The highpass and lowpass filters are a great addition in that respect. Because the curves are so broad and because they never stop rising, it can be easy to overwhelm whatever box you feed the BAX outputs to, especially on already hot mixes. The filters let you shape the top and bottom of your mix discretely, and allow reining in some of the extra oomph that the EQ can provide. For example, you can quickly add +3 dB at 230 Hz on a low-mid-light mix and prevent the very bottom from blowing up by raising the highpass filter to 36 or 43 Hz. That way, you get the fat but you don’t loose headroom to the very low end that you don’t necessarily need (and that the BAX would otherwise generate). It’s a neat system.
At first, I was quite puzzled to see that the lowest highpass setting is 12 Hz and that the highest lowpass setting is 70 kHz. (Yes, that’s 70,000 Hz.) A phone call to BAX designer Chris Muth enlightened me: The 12Hz thing is to protect yourself for DC offset and unneeded rumble that a digital recorder will faithfully capture. Fair enough. The 70k filter is designed to get rid of out-of-hearing-range quantization artifacts and to maximize headroom in the context of hitting you’re A/D converter hard. I can’t say that I hear a difference between the filter being off and the 70kHz position, but I like the principle and I did have an aha! moment switching between 18kHz and 28kHz filter positions on a bright mix the first time I really paid attention. (How often to do you find yourself minding your 24k range?) It made me really discover the power of having high-quality filters in the path across my full mix. I now have the BAX on there by default, filters engaged at 12 Hz and 70 Hz. I did notice in mastering situations that I can hit my converter a bit harder and get a little more oolala before resorting to limiting.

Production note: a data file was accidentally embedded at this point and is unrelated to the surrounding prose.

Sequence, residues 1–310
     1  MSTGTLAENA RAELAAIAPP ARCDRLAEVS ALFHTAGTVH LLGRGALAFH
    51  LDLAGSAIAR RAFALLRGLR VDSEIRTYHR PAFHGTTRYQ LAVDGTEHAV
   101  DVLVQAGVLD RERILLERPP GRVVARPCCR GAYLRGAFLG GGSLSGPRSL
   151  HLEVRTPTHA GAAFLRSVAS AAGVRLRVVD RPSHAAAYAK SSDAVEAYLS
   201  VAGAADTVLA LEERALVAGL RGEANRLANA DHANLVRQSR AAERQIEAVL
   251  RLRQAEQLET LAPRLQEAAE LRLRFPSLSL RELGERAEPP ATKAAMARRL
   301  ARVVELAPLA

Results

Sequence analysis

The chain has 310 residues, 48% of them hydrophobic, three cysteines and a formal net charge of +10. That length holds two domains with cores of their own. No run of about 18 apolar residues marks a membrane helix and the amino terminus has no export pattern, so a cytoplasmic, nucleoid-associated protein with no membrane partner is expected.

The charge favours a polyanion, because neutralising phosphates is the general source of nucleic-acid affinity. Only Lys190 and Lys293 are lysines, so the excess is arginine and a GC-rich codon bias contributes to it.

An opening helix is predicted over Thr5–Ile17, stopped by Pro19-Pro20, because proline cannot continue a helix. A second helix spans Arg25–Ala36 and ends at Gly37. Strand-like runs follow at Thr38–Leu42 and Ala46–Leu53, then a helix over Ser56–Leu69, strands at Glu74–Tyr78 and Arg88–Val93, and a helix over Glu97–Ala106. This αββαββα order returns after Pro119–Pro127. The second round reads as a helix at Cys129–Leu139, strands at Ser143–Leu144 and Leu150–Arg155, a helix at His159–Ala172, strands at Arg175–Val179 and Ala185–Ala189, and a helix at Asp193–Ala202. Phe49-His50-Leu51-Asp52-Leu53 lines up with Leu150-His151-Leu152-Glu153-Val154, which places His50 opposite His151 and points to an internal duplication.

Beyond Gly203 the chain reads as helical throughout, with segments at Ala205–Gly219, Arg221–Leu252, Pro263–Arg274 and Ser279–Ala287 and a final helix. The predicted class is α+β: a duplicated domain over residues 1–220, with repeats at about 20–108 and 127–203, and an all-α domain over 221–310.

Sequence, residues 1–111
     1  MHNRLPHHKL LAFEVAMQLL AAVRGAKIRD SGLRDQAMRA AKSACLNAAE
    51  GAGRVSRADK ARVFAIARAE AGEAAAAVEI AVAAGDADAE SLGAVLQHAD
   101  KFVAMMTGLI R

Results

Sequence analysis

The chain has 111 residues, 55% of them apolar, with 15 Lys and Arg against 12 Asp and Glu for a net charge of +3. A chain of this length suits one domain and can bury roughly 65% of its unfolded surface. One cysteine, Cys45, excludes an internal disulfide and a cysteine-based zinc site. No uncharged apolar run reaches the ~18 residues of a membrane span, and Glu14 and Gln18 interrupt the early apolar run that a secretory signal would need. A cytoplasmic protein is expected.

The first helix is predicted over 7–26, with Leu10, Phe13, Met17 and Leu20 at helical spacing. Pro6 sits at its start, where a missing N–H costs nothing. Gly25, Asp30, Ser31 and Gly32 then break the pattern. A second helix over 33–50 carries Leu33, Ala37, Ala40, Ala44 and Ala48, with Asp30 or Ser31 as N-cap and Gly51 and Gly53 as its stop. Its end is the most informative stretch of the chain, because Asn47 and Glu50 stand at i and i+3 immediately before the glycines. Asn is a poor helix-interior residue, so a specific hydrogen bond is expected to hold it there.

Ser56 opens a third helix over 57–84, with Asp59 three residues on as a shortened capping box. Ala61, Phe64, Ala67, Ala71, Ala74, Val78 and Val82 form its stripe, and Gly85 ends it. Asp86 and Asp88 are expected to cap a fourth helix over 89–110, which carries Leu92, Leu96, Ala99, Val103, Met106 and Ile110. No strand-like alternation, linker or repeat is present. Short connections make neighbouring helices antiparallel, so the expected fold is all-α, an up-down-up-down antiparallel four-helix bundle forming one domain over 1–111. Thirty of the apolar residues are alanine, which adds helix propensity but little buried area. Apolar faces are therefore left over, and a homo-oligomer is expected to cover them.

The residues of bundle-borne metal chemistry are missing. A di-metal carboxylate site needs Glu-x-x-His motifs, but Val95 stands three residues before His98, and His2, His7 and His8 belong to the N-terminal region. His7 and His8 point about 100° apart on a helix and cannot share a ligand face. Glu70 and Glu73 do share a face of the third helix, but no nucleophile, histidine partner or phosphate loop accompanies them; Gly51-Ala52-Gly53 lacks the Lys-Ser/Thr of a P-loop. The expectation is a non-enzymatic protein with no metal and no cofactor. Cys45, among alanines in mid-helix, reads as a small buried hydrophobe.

I got my first taste of the BAX tone while I was mixing Kirk Whalum’s Everything Is Everything CD last year. After a couple of songs, it became obvious that this EQ was a big part of the album’s sound. Two to 3 dB on the 74Hz band, combined with the filter usually parked at 30 Hz, really helped me bring the acoustic drum and electric bass to modern aesthetics without becoming muddy or betraying the neo-retro vibe that producer Matt Pierson and tracking engineer James Farber had infused the tracks with. I also used a gentle +1dB boost at 7.1k to make the top end smile a bit (filter at 28k most of the time). It made a big difference. Greg Calbi from Sterling Sound mastered the album and immediately commented on the record’s low end and overall tone, printing some of the mixes flat with just a bit of limiting. (Calbi has since bought a BAX and uses it in his mastering chain.) Everything Is Everything ultimately went on to be nominated for two Grammy Awards, all of which definitely made my day.
It’s hard to describe what the BAX sounds like without referring to those hi-fi tone controls. It’s nothing like anything else I have had in my racks or under my mouse before, but I have come to think of it as a gentle “mo-better” box that is thoroughly missed when I turn it off. It is on every piece of music I have made since I got it.
While I have mostly used the BAX in mixing and mastering situations, there are days when I come to work and there is a hole in my rack where it should be, as it has become a favorite for vocal tracking in the big room at FLUX Studios. The combination of the filters and the broad curves are a great clean alternative to patching a Pultec after the compressor on a vocal chain. You get the high and lows, the smooth sound, the clean bottom but a lot less saturation and grit, which works better for those crystal-clear, open-sounding records we like to make. My next purchase is definitely another BAX and/or a set of secured rack screws.
THE FINAL BAX CURVE
Every few years a piece of equipment comes along that lets you broaden your horizons and refine your sound. I remember the impact that the ELI Fatso or my old Neumann PEa had on me when I first discovered them. The Dangerous BAX EQ is definitely one of those boxes, because it is so different, so useful and because it makes my stuff sound better with no side effects.